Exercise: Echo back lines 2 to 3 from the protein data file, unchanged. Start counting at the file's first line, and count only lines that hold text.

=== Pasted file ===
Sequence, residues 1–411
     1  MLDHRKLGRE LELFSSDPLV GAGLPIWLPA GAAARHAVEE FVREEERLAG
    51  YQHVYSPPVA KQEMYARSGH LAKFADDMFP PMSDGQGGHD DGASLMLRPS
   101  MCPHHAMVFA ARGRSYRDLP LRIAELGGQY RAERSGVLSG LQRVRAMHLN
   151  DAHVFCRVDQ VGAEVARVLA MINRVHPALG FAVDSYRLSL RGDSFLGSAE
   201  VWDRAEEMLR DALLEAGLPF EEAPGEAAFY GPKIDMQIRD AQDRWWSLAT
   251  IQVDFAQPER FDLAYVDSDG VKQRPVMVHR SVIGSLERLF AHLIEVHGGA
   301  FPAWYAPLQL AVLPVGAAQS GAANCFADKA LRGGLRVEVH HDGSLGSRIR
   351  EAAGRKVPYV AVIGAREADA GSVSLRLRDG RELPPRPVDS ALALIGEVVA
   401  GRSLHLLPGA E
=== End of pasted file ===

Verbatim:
     1  MLDHRKLGRE LELFSSDPLV GAGLPIWLPA GAAARHAVEE FVREEERLAG
    51  YQHVYSPPVA KQEMYARSGH LAKFADDMFP PMSDGQGGHD DGASLMLRPS